From among the Americans, Alexander singles out Leonard Fein, David Novak, Michael Lerner, Noam Chomsky (the Jews’ answer to Timothy Leary), and any number of others who qualify, in one way or another, for classification as self-hating Jews: meaning Jews who demand that the Jews be better than everybody else and condemn them for the slightest failure to conform to this fictive gold standard, and who, where the state of Israel is concerned, leap to the barricades to condemn the slightest Israeli aberration but never find fault with anyone else. Any passing cloud that shadows the Jews’ light to the Gentiles betokens the next Flood, and we are no longer Noah but Sodomites.

The introduction of the Nazi metaphor into public debate on Israeli policy derives from anti-Semitic Gentiles as much as from Jews. It is one thing to criticize what Israelis do or do not do; it is quite another to evoke Adolf Hitler as the generative symbol. In this connection Conor Cruise O’Brien has said, “If your interlocutor can’t keep Hitler out of the conversation . . . feverishly turning Jews into Nazis and Arabs into Jews— why then, I think, you may well be talking to an anti-Jewist.” Alexander takes on a whole wolves’ lair of anti-Jewists: Edward Said, Alexander Cockburn, Archbishop Tutu, Nelson Mandela, Patrick Buchanan (with special attention to his Rosh Hashanah and Yom Kippur sermons to the Jews of some years back), and many others. A single essay captures it all: “Why Jews must behave better than everybody else: the theory and practice of the double standard.”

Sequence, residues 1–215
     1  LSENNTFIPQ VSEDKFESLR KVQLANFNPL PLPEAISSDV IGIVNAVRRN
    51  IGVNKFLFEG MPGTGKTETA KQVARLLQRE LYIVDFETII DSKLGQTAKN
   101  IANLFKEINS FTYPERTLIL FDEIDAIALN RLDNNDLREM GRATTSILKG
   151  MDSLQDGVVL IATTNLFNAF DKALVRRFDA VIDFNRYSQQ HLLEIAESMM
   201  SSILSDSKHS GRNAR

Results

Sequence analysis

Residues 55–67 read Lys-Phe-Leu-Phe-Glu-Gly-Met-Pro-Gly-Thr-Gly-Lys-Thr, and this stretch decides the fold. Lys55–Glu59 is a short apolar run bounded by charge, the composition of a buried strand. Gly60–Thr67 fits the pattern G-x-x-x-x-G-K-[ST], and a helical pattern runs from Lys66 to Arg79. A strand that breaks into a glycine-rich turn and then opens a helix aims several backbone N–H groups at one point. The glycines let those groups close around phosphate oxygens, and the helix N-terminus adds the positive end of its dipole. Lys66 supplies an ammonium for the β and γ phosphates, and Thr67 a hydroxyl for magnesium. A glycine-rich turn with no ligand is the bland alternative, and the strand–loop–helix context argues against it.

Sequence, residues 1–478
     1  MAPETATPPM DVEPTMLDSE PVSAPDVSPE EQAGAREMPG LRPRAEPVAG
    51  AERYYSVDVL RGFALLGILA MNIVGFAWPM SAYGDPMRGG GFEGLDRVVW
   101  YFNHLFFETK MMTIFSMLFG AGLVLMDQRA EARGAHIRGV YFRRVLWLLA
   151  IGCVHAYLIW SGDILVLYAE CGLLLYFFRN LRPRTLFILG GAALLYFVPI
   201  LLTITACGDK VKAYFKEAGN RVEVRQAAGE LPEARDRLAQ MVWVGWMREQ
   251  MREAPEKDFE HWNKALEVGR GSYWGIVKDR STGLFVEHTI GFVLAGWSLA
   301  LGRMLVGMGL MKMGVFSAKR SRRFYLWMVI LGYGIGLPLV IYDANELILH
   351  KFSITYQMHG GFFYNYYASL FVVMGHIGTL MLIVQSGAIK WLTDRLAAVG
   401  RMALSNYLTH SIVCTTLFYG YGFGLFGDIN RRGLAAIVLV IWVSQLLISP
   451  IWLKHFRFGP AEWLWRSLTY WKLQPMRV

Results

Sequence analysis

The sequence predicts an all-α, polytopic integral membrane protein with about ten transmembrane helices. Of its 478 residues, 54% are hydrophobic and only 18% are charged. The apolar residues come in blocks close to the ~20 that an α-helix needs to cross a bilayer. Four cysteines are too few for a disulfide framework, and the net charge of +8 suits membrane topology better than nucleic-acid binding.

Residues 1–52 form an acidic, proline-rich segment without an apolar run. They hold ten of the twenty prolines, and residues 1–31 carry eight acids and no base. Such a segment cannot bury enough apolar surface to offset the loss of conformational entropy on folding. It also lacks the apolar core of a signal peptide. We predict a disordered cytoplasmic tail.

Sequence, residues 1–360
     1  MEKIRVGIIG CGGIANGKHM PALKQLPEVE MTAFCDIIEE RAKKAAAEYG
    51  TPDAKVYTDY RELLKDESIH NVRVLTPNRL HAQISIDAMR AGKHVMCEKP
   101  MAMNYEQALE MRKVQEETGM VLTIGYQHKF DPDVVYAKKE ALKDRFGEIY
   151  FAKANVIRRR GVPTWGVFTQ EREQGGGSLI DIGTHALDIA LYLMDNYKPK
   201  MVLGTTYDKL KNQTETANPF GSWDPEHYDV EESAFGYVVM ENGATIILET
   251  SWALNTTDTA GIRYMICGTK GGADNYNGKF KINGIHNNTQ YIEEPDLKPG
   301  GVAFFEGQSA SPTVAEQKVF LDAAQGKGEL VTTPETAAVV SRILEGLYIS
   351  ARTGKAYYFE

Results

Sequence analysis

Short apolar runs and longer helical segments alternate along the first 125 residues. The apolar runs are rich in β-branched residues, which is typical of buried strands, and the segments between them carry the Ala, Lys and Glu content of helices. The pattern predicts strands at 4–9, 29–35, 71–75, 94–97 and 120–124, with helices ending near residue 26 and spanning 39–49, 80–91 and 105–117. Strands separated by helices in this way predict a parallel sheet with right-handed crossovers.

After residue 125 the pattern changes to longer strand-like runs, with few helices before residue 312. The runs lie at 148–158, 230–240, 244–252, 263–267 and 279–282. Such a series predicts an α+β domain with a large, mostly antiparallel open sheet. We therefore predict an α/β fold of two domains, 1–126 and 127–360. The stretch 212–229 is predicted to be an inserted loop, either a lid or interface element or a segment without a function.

Alexander sets himself not only against a massive movement in contemporary politics—the Jews’ own surrender of conscience and character to the care of their worst enemies—and the Western world’s reversion to its long history of Jew-hatred. He also stands against another vile incubus of culture and sensibility. As a professor of English who actually believes that literature edifies, he numbers among his enemies not only the multiculturalists but the lit-crit movement, with its betrayal of literature and its barbaric prose. To underscore the issue, Alexander himself writes elegantly, imparting to his prose a dignity and craft that his enemies’ writing—cited abundantly—strikingly lacks. (One of his principal targets, Edward Said, writes like a barbarian when he is not simply squealing like a stuck pig.)

These great essays recall the moral authority and righteous anger of Emile Zola’s “J’Accuse,” the great essay that turned the tide for the Dreyfusards and against the anti-Semites in France at the start of this century. Indeed, if the book should find its audience, Alexander will be known as the Second Zola. When we recall that it was Zola who persuaded Clemenceau and other French political leaders to take up the Dreyfus cause and fight anti-Semitism in France, we can appreciate the potential effect of this writer’s words. And when we consider, also, that words change the world, we can understand the importance of what is at issue. The survival of the State of Israel, the enduring sense of self-worth of the Jewish people in the Diaspora—these in the end define Alexander’s cause, and everyone’s legitimate concern.


[The Jewish Wars: Reflections by One of the Belligerents, by Edward Alexander (Carbondale: Southern Illinois University Press) 206 pp., $29.95]